Epistle from Young Adult Friends


WE ARE the Young Adult Friends at NYYM Summer Sessions. We hail from a variety of regions and Quaker spaces. We hold a range of beliefs. Some of us have attended NYYM since we were children, and others are experiencing it for the first time. We embody a variety of life experiences: some of us are new to adulthood, others have lived on our own for years. Some of us are parents ourselves. Some of us are rooted, others are in transition. Some of us attended Sessions in person, others attended online. We are all happy to be here. 


During our time at Summer Sessions this year, we laughed a lot. We stayed up too late. We ate meals together. We danced. We cried. We made friends, we reconnected. We sang. We were bitten by many bugs. We whispered to each other during business meetings. We engaged with Quakerism in an intentional way. We shared ourselves with the wider NYYM community. Those of us in person at Oakwood created a warm, inclusive space for each other. We acknowledge that we did not include our virtual Young Adult Friends in spontaneous activities as much as we could have. We experienced the joy of changing our plans as Spirit moved us. 


We saw many new connections form among ourselves, intergenerationally, and in the larger NYYM community. We saw Friends navigating change and transition. We saw grief. At times we saw microaggressions, particularly related to age, race, and gender identity. We saw leadership from young people, including children, and Friends of all ages. We saw a greater mixing of ages and friendships than at previous sessions. We saw that our community is not in unity. We saw disagreement sit in the room without being addressed in a healing way. We saw tensions build and release. We saw that Spirit is here with us at Oakwood Friends.


We felt hope that this community can continue to grow and thrive as we find our way in changing times. We felt grief about the harms Quakers committed through Indian Boarding Schools, and grief for victims of gun violence. We felt glad that Friends who were not able to travel to us were able to attend virtually. We felt sad that some of our Friends who could have made the trip chose not to be in community with us at Oakwood. We felt appreciation of others’ gifts. We felt affirmed, validated, and so welcomed. We felt disappointed by some of the immature and unkind ways older adult friends conducted themselves in meetings for business and discernment. At times we perceived Friends speaking from ego rather than Spirit. We saw older adult Friends speaking about deep hurts in vague and indirect language. Our language here is a deliberate choice to directly name what we saw and experienced. We embrace the traditions Friends have of using truthful and simple language. We find it exciting when Friends are able to communicate and come to unity. We feel Spirit present among us.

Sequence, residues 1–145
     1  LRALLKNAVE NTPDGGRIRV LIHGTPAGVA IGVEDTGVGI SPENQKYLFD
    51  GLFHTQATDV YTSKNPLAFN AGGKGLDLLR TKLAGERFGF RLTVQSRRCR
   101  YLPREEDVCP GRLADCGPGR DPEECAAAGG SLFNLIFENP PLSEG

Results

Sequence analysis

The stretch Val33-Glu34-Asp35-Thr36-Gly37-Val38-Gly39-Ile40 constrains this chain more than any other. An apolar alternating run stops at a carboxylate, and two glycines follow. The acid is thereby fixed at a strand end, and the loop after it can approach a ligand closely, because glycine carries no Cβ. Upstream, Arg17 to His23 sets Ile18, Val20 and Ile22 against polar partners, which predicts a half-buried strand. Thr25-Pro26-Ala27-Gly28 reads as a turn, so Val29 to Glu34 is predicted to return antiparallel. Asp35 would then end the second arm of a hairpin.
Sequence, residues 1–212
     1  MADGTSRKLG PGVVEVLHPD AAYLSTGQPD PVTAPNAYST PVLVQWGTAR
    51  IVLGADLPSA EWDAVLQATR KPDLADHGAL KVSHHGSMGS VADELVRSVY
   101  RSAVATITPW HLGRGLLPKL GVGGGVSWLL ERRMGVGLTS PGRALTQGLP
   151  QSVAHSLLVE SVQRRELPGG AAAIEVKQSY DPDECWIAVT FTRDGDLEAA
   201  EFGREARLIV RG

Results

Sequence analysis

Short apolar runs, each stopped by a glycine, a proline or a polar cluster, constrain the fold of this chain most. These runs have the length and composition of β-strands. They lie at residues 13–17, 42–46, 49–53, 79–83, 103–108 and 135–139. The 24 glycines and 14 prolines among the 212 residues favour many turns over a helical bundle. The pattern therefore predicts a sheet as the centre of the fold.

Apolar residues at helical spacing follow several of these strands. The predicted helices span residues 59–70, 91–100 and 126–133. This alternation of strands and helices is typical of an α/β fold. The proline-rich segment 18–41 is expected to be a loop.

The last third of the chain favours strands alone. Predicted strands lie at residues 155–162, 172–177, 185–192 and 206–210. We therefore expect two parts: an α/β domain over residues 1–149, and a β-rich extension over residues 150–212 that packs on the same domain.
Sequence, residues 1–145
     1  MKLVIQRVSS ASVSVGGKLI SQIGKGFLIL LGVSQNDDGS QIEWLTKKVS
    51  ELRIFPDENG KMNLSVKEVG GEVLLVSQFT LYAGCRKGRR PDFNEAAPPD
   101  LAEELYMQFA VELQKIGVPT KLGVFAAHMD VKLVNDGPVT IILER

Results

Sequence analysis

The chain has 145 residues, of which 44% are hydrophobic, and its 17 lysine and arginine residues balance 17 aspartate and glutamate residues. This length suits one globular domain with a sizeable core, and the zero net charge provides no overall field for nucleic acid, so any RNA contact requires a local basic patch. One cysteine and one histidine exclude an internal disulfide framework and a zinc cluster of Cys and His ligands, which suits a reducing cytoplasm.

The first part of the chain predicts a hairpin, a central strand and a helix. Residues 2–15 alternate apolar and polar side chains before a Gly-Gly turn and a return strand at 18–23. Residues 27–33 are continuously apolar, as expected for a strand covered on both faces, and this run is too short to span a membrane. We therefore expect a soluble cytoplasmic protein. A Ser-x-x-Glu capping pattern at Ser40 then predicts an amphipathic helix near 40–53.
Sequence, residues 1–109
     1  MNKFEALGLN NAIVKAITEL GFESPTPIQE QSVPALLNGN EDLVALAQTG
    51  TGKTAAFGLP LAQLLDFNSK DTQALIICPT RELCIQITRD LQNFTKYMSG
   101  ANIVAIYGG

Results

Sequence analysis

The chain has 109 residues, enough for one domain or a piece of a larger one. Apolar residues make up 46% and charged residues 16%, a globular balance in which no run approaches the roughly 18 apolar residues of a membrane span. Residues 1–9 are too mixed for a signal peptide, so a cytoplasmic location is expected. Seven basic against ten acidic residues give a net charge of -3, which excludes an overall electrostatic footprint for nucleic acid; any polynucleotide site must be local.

We suggest that, given the passion that Friends of all ages feel for social and environmental justice, we find opportunities to attend demonstrations and political actions.


We suggest that, when experiencing conflicts and tensions, we name hurts and concerns directly and specifically, so they can be worked through openly. 


Young Adult Friends do not experience ourselves as the future of Quakerism—we experience ourselves as part of the present. We ask that Friends acknowledge and honor the wisdom YAFs bring to Quaker spaces. We ask that the community support and have faith in us as we exercise agency in Quaker processes. 


We appreciate the ways in which experienced Friends have served as our elders and answered our questions. We suggest that in our various meetings (for worship, for business, for discernment), Friends with knowledge directly and promptly answer questions that are raised. 


We ask that Friends remember that as Quakers we have meetings for worship, not churches—because we understand that we can worship anywhere we are gathered together and in Spirit.


Some of us remember that in past years, we had a facing bench of elders at all our meetings, including meetings for worship with a concern for business. We suggest that we might resume this practice to ground our business meetings, with Friends of all ages, including children, as elders. 


We love our yearly meeting and our community. We are committed to continuously rebuilding our faith and our ways of being together as the world continues to change around us. We look forward to doing so with all of you.